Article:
Georgian FM describes Russia's approach to history of Abkhazia, S. Ossetia as 'tendentious'
TBILISI. July 10 (Interfax) - Georgian Foreign Minister David Zalkaliani has described Russia's opinion that Abkhazia and South Ossetia have not been historical parts of Georgia as "tendentious."
"This does not sound new to us. Such statements are an example of subjective and tendentious interpretation of historical facts. Speaking of history, we should say that Georgia's history did not begin in the 18th or the 19th century. There are plenty of facts in the centuries-old history of Georgia evidencing that Abkhazia and the Tskhinvali region have been an important part of Georgia. Let historians be the judge," Zalkaliani told the press on Wednesday.
Tbilisi has not changed its mind on the subject of restoring its territorial integrity, and is doing everything it can to find a peaceful solution, he said.
"The territorial integrity of Georgia is recognized by the international community," Zalkaliani said.
On Tuesday, Russian President Vladimir Putin called on Georgian politicians, who are rocking the domestic political situation and leading to an escalation in relations with Russia, to remember history, and gave a piece of advice as to how to build relations with Abkhazia and South Ossetia.
"This anti-Russian sentiment is being fanned in Georgia by the people who either don't know a thing, or know but ignore it. And ultimately they're doing damage to Georgia itself and to its people," Putin told journalists in Yekaterinburg.
Putin went on to recall that Ossetia was an independent nation when it became part of the Russian Empire in the second half of the 18th century, and Abkhazia came into the Russian Empire as a principality.
"Later developments started to take place when [the two were] parts of one state: the southern part of Ossetia became part of the Tiflis Governorate, with no Georgia there at the time. When the Russian Empire collapsed after World War I, Abkhazia [...] was subjected to an attempted hostile takeover by Georgia, the country that occupied Abkhazia with the help of German troops in 1918," Putin recalled, adding that the foreign invaders acted in a very harsh way.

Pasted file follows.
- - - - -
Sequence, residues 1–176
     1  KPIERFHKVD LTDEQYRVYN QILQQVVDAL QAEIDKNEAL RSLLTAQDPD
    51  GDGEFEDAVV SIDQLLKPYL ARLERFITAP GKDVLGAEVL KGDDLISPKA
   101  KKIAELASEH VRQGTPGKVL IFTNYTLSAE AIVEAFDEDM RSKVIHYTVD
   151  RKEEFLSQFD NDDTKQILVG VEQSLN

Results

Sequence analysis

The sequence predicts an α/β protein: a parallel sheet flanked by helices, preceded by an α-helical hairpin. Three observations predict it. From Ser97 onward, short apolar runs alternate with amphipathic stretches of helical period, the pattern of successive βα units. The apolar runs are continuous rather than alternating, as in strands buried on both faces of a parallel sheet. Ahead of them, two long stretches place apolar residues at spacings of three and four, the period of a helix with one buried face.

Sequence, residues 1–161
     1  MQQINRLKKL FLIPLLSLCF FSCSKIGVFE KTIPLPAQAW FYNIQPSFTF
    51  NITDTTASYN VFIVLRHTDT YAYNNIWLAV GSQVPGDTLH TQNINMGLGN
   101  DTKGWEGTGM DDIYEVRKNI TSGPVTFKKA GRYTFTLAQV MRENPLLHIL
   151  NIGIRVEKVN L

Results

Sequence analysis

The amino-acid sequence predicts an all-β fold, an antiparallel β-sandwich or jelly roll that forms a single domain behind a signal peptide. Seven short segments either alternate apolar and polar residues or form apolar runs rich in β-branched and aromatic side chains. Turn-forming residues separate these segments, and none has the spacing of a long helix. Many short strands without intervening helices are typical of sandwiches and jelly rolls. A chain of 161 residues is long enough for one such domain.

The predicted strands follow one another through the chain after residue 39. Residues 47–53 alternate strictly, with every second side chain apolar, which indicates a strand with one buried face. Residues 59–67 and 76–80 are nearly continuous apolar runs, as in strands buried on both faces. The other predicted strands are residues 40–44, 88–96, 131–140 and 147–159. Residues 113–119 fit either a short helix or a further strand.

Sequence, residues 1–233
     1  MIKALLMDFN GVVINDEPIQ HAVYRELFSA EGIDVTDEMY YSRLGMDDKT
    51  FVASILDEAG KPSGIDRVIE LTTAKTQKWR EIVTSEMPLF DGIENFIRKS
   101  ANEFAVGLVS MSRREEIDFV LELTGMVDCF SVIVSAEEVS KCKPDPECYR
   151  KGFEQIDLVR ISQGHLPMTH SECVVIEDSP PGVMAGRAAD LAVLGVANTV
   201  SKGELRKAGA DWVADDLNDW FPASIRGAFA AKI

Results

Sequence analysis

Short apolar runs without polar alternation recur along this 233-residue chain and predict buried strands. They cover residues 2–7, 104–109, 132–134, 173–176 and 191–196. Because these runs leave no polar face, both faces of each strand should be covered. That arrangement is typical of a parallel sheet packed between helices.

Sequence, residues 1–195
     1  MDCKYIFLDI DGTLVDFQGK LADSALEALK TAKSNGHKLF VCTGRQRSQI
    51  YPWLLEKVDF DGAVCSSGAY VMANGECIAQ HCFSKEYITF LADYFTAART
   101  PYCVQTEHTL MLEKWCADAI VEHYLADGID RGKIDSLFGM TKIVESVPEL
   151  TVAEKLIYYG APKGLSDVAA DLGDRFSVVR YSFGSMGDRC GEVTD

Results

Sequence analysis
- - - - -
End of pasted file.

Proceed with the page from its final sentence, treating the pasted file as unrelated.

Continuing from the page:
"The way the Georgian troops acted in Ossetia in 1919-1920 was even harsher," he said.
"All that is what we call genocide today," Putin said.
"It would be good for today's Georgian authorities to know all this and not forget it if they want to forge relations with the people of Abkhazia and South Ossetia," he said.
In Soviet times, "first, the contractual Abkhaz Socialist Republic was founded, and what is Georgia today was a part of that," Putin said. That changed under Stalin: Abkhazia became part of the Socialist Republic of Georgia.
"It is strange that our human rights activists never pay attention to it, but on Stalin's order, the NKVD [People's Commissariat for Internal Affairs] led by Beria took very strict measures against the Abkhazians in a bid to take over the territory and the Abkhaz people," he said.
According to Putin, "one of the first presidents of modern Georgia did not just take this heavy legacy into account but completely disregarded it, when he abrogated the autonomy of both Adjara and Abkhazia." "That resulted in an explosion and a fratricidal war," he said.
Putin said that at one time he tried to convince former Georgian president Mikheil Saakashvili to refrain from any military action against Abkhazia and Ossetia and persuade the United States against it.
"But no, they waged a war there. The outcome is well known. Russia was simply forced to recognize the independence of these republics and defend the people of Abkhazia and South Ossetia," he said.